Filed: October 4, 2001

IN THE SUPREME COURT OF THE STATE OF OREGON

TRICIA BOSAK
and JAMES SAGER,

Petitioners,

v.

HARDY MYERS,
Attorney General, State of Oregon,

Respondent.

(SC S48563)

On petition to review ballot title.

Argued and submitted July 31, 2001.

Margaret S. Olney, of Smith, Gamson, Diamond & Olney, argued the cause and filed the petition for petitioners.

David F. Coursen, Assistant Attorney General, Salem, argued the cause for respondent. With him on the answering memorandum were Hardy Myers, Attorney General, and Michael D. Reynolds, Solicitor General.

Before Carson, Chief Justice, and Gillette, Durham, Leeson, Riggs, and De Muniz, Justices.*

DE MUNIZ, J.

Ballot title referred to the Attorney General for modification.

*Balmer, J., did not participate in the consideration or decision of this case.

DE MUNIZ, J.

Petitioners in this ballot title review proceeding challenge two aspects of the Attorney General's certified ballot title for a proposed initiative measure, which the Secretary of State denominated as Initiative Petition 45 (2002). We review the Attorney General's certified ballot title to determine whether it substantially complies with the requirements of ORS 250.035. See ORS 250.085(5) (setting out standard of review).

The proposed measure would amend the Oregon Constitution to allow an employee to refuse to pay for union services that the employee does not wish to receive. The Attorney General certified the following ballot title for the proposed measure:

"AMENDS CONSTITUTION: ALLOWS WORKPLACE EMPLOYEES
REPRESENTED BY RECOGNIZED UNION TO REFUSE TO PAY
FOR UNION REPRESENTATION 'SERVICES'

"RESULT of 'YES' VOTE: 'Yes' vote allows individual employee in workplace represented by union to refuse payment for undesired union 'services' without modifying union's obligation to represent each employee.

"RESULT OF 'NO' VOTE: 'No' vote retains current law, rejects allowing union workplace employee to refuse payment for undesired union 'services' without modifying union's obligation to represent each employee.

"SUMMARY: Amends constitution. Under current law, when majority of workplace employees select union as collective bargaining representative, that union must fairly represent all workplace employees and may require all employees to contribute to representation costs. Measure allows an individual employee to refuse to pay for representation 'services' by identifying unwanted 'services' in writing. Measure does not change union's existing obligation to bargain for and represent all covered employees. Measure does not define 'service' or provide formula for valuing specific 'services.' Measure affects existing contract provisions that require payment for representation; expressly prohibits future contracts from requiring such payment. Measure requires union to notify employees of right to withhold payment to union and prohibits discrimination or harassment of employee for exercising that right. Imposes penalties. Other provisions."

Petitioners challenge the caption and the summary of the certified ballot title. Petitioners' argument regarding the caption is not well taken. We turn to petitioners' argument regarding the summary.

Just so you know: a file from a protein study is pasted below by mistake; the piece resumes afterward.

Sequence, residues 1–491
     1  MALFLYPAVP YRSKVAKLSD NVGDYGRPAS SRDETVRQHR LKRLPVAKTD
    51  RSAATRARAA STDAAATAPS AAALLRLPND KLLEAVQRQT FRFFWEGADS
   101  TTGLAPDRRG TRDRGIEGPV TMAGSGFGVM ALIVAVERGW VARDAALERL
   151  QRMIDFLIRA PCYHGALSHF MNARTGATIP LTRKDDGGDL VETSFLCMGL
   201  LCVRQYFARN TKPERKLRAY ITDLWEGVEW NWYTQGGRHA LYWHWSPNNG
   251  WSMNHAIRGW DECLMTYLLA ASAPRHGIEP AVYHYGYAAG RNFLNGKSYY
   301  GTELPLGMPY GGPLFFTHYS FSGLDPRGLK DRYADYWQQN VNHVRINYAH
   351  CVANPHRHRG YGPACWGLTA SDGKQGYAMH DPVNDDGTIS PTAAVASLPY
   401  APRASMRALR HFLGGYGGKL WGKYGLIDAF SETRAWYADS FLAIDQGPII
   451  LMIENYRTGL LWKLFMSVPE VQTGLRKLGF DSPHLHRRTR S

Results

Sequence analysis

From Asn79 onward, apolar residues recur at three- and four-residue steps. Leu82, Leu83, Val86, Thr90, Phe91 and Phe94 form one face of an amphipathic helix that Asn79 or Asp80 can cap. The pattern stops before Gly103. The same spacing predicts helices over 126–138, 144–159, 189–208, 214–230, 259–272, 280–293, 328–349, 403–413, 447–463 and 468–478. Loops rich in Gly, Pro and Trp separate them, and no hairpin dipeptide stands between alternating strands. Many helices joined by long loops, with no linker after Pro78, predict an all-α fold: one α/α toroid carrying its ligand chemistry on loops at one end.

Petitioners argue that the clause in the summary stating that a "union must fairly represent all workplace employees and may require all employees to contribute to representation costs" misstates current law. See Dale v. Kulongoski, 321 Or 108, 113, 894 P2d 462 (1995) (ballot title should not misstate existing law, even by implication). Petitioners maintain, and we agree, that a union may require cost sharing by employees only through a negotiated collective bargaining agreement. (1) Petitioners contend that the Attorney General's wording incorrectly implies that unions unilaterally may require all employees in the workplace to contribute to representation costs. The Attorney General appears to agree that union representation costs may be assessed against employees who are not union members only as part of a negotiated collective bargaining agreement, but denies that the disputed clause could create any other impression.

We agree with petitioners. The Attorney General's clause likely will mislead voters into believing that, under current law, a union unilaterally may require employees to pay for representation services that they do not desire. Because the Attorney General's summary impliedly misstates current law, it does not comply substantially with ORS 250.035(2)(d) (requiring a "concise and impartial statement * * * summarizing the state measure and its major effect").

Having concluded that the summary does not comply substantially with ORS 250.035(2)(d), we refer the ballot title to the Attorney General for modification.

Ballot title referred to the Attorney General for modification.


1. Unions and employers operating in the private sector negotiate various forms of union security agreements. See Patrick Hardin et al., eds., The Developing Labor Law: The Board, the Courts, and the National Labor Relations Act (3rd ed 1992). In Oregon's public sector, ORS 243.666 authorizes the negotiation of "fair share" agreements, as defined in ORS 243.650(10), to address union security. See Elvin v. OPEU, 313 Or 165, 170, 832 P2d 36 (1992) (discussing "fair share" agreements). Union and employers negotiate union security agreements to avoid the "free rider" problem. See Dale v. Kulongoski, 321 Or 108, 111-12, 894 P2d 462 (1995) (discussing "free rider" issue).

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